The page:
When planning a new habitat to build for the primates at the St. Louis Zoo, the zoo looked to the primates.
The primates like to climb. They like to explore. They like to go outside.
Some even like to interact with you.
The zoo announced on Wednesday a new attraction, Primate Canopy Trails, where you and the primates will be able to explore, climb and go outside together.
Picture mature trees connected by netted tunnels for the monkeys and lemurs, and among and around those a raised boardwalk, climbing structures and a clear tunnel for the humans.
The $11.5 million expansion, which is projected to open in two years, will be built in the south end of the zoo next to the Primate House, in the space once occupied by the old sea lion arena. It will be free to the public and funded by donors. Construction starts later this year.
“We can only imagine what it will be like for some of these animals who have never felt the sun on their face,” said Heidi Hellmuth, the zoo’s curator of primates. “It’s going to be life-changing.”
The new area will be about 35,000 square feet, slightly bigger than the footprint of the Primate House itself. About 45 primates — old world monkeys, new world monkeys and lemurs — live at the Primate House, built in 1925. They will all get to use the new outside space.
The Primate House has been renovated over the years and now has 13 indoor habitats with clear fronts that allow visitors to see and interact. Zookeepers change up the spaces, adding logs and ropes and climbing structures, and the monkeys sometimes use tunnels to go between habitats.
The Primate House has six small outdoor enclosures, but they’re used only by lemurs and saki monkeys. The other primates can’t use them because they’re either too small or too strong for the structures.
About three years ago, Hellmuth recalled, keepers first brought the saki monkeys to the outdoor structures.
“It brought tears to my eyes,” she said. The looks in the sakis’ eyes changed as they felt the wind blow in their faces for the first time, listened to the birds, and felt the warmth of the sun. “They didn’t want to come inside for days,” she said.
Animal welfare, and the fact that most of the primates live indoors, was a big factor when the zoo completed a strategic plan about five years ago. The humans knew the animals would benefit from going outside.
Visitors to the zoo this spring may have noticed workers taking down the old arena and planting grass. Two large sycamore trees and one blue ash tree will be wrapped in netting and serve as habitats.
Surveyors made 3D scans of the existing trees, which they dropped into a computer model to figure out where to build the tree habitats and how to build around the root systems, said David McGuire, the zoo’s vice president of architecture and planning.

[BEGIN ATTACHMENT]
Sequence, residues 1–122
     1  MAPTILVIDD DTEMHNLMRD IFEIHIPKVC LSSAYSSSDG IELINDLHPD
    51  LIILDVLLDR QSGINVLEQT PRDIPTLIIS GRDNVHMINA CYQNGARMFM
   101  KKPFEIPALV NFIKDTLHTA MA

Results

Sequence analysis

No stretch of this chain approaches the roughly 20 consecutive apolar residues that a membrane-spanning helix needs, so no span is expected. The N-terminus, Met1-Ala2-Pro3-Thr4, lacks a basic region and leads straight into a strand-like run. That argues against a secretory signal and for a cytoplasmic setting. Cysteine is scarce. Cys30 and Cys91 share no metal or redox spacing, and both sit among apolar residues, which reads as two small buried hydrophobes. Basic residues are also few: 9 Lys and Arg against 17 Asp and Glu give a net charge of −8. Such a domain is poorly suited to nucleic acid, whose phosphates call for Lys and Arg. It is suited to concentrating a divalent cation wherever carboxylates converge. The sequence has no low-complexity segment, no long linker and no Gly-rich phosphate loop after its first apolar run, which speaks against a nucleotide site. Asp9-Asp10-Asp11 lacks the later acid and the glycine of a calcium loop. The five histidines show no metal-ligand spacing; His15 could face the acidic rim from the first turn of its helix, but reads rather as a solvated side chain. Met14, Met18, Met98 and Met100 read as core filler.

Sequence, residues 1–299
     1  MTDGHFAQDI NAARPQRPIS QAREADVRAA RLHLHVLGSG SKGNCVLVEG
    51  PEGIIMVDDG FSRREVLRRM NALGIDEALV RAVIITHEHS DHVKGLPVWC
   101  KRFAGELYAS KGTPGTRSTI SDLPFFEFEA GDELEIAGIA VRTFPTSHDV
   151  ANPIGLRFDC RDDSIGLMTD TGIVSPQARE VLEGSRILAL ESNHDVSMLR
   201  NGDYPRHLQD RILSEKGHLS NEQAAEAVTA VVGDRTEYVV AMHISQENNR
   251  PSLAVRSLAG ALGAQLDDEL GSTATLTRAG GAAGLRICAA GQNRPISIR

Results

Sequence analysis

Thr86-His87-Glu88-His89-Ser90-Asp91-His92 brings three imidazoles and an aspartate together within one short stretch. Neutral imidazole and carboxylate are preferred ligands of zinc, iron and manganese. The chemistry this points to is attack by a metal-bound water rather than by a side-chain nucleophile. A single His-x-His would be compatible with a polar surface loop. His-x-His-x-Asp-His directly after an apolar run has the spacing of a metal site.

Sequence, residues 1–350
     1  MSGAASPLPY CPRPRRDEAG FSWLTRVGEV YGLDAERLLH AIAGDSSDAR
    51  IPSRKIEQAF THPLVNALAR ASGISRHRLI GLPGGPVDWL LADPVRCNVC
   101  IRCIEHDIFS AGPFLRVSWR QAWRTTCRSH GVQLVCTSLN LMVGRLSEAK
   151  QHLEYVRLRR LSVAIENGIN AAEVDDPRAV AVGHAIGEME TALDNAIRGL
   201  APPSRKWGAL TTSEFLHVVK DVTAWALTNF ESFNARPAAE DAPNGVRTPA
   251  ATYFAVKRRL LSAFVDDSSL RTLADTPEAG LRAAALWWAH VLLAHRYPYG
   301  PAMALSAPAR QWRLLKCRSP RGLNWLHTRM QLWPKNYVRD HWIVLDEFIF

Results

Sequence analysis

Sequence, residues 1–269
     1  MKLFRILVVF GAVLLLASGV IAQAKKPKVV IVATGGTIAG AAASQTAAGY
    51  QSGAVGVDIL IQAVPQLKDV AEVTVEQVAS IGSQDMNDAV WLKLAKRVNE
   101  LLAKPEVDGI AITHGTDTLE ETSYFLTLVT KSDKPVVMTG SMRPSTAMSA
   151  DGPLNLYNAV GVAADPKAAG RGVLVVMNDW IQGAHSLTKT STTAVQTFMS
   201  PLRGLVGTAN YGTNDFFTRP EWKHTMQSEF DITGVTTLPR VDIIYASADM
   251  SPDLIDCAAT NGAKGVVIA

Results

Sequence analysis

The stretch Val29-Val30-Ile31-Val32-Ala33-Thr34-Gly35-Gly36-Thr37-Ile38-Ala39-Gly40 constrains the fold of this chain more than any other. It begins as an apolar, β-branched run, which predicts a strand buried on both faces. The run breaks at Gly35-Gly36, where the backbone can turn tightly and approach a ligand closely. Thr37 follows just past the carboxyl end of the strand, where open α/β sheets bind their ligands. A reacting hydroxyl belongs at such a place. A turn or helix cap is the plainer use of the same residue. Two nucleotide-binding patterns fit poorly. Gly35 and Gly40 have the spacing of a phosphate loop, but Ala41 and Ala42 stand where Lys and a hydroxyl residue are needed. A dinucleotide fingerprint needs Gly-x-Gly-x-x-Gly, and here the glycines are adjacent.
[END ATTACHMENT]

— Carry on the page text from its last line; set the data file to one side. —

They also had to rebuild the zoo train tunnel that runs under that piece of ground, and work plans around that.
A total of eight habitats and more than a dozen netted tunnels connecting them will mean there could be more than 70 combinations of monkeys, lemurs and habitats, which will keep things exciting for everyone — even the humans. The boardwalk will climb about 15 feet above ground, placing humans among the trees.
“Our greatest mission is connecting animals with people,” said Michael Macek, zoo director. “We are always looking for new ways to do that.”
The animals will be able to choose among certain habitats. If they want a break from the crowds, they can go in shelters inside the habitats. Keepers can also take them back and forth between the Primate House and the Canopy Trails.
An animal care building will sit in the middle of Primate Canopy Trails and will serve as an enrichment area for the primates and a shelter from weather. The building will not be open to the public, but visitors will be able to look through windows at keepers and animals.
The area will be planted with “browse gardens” where food will be cultivated for the animals, and inside the habitats they can pick a tasty treat, like willow, mulberries and marigolds. They’ll also be able to see and interact with birds and insects that will naturally fly inside, and even eye their predator neighbors: the lions in Big Cat Country.
The public will be able to get to Primate Canopy Trails through three main entrances, one of them through the Primate House. At another entrance will be tree climbing structures for kids, similar to the climbing tree structure at the Magic House children’s museum.
While the public will be able to get among the trees with the primates, they’ll keep a safe distance — at least 6 feet from netted structures. Panels separate the primates from humans in overhead spots. “So you don’t have too natural of an experience,” Hellmuth joked.
The St. Louis Zoo got ideas for the attraction from the Philadelphia Zoo, whose Zoo360 features tunnels and trails throughout the zoo for animals to explore outside their normal habitats. As they planned, Hellmuth and other staffers also took a field trip to City Museum in St. Louis, to study humans climbing in the wild.
The new exhibit also means more ways for keepers and researchers to study the primates and may also open up breeding possibilities and larger primate family groups.
“It’s a quantum leap forward in so many ways. Animals, staff, visitors, everything,” said Hellmuth. “I think this will be an exhibit you hear about for years to come.”